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Why we soar: Choosing community

Why we soar: Choosing community

Debbie Juniewicz ’90 June 07, 2024

From prospective student to alumna and recruiter to donor, one word connects the many University of Dayton roles embodied by Peg Rzetelny Hambrick ’70.

Peg Hambrick stands in a green garden
Peg Rzetelny Hambrick ’70

“The word that keeps coming to mind when I think of choosing UD, working at UD and supporting UD is ‘community,’” Hambrick said. “My husband Don and my non-UD friends are amazed at the bond UD alumni have. If we run into people who are UD alums — whether Class of 1970 or 2007 or 2023 — we greet each other as family. As one of my friends said, ‘UD alums are everywhere.’”

It’s a bond that’s foundational to the Hambricks’ decision to support UD’s We Soar campaign through a gift to benefit current and future students.

Her connection to UD began in 1965 when a then-junior from Elyria (Ohio) Catholic High School first stepped foot on campus in search of a university to continue her education.

“The number of Catholic co-ed universities was accelerating in the late sixties, so I had some choices, but as soon as I visited UD, I knew it was ‘the one,’” Hambrick said. “I recall my tour guide saying ‘hi’ and waving to many of her classmates as we looked around campus, and I was thinking, ‘people are connected here.’”

Hambrick’s connection didn’t end when she earned her bachelor’s degree in secondary education in August 1970 — in fact, just the opposite. While she was applying for teaching jobs in and around the Washington, D.C., area, an unexpected opportunity arose.

“As one of my friends said, ‘UD alums are everywhere.’”

“The provost, Father Charles Lee, and the director of admissions, Brother Ralph Mravintz, devised a student recruitment strategy which included hiring additional full-time admission recruiters,” she said. “I was hired as one of the recruiters, and my assignment was to recruit at community colleges east of the Mississippi.”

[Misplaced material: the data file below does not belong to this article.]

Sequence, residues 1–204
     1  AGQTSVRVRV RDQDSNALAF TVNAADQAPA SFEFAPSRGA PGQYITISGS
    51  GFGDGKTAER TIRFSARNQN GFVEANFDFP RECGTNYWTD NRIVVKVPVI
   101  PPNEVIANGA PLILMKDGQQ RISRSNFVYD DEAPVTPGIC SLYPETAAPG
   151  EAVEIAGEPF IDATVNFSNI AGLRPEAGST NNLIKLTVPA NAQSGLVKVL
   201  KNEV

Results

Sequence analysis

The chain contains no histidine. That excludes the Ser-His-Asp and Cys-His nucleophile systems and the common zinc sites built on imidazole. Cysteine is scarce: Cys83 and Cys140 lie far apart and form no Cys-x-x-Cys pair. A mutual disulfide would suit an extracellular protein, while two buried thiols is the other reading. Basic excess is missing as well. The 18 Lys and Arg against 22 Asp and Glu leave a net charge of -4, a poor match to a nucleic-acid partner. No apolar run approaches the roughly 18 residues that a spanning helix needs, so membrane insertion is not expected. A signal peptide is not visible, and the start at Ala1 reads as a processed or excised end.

Hambrick logged 60,000 miles each year, traveling from city to city recruiting associate degree graduates to transfer to UD for a bachelor’s degree.

“Selling UD wasn’t hard for me, it’s such a great university,” Hambrick said.

As Hambrick’s career developed, she left UD but joined organizations that brought her back to campus to recruit students for graduate programs and other professional positions. She also volunteered on reunion committees and served on the business school’s advisory council.  

“I may have left UD, but it never left me,” she said.

“I may have left UD, but it never left me.”

Hambrick, who went on to earn a master’s degree in public administration, was intrigued by the DC Flyers Program when she and her husband were introduced to the summer internship program by former Ohio Gov. Bob Taft, now a distinguished research associate at the University.

“I have been active in local government issues and worked for profit and not-for-profit organizations,” she said. “My husband is a management professor, and we have been around college campuses for 50-plus years. Management, public policy and college students are part of our DNA.”

Hambrick and her husband — who she considers an honorary Flyer — chose to support the program that enables students to explore careers in Washington, D.C., through summer internships and experiential learning opportunities.

“Governing a diverse nation like ours takes a lot of skills including acumen, which comes with exposure to real-life experiences,” Hambrick said. “We want the best and the brightest to have an opportunity to gain those experiences and become our future leaders.”  

photo courtesy Peg Hambrick

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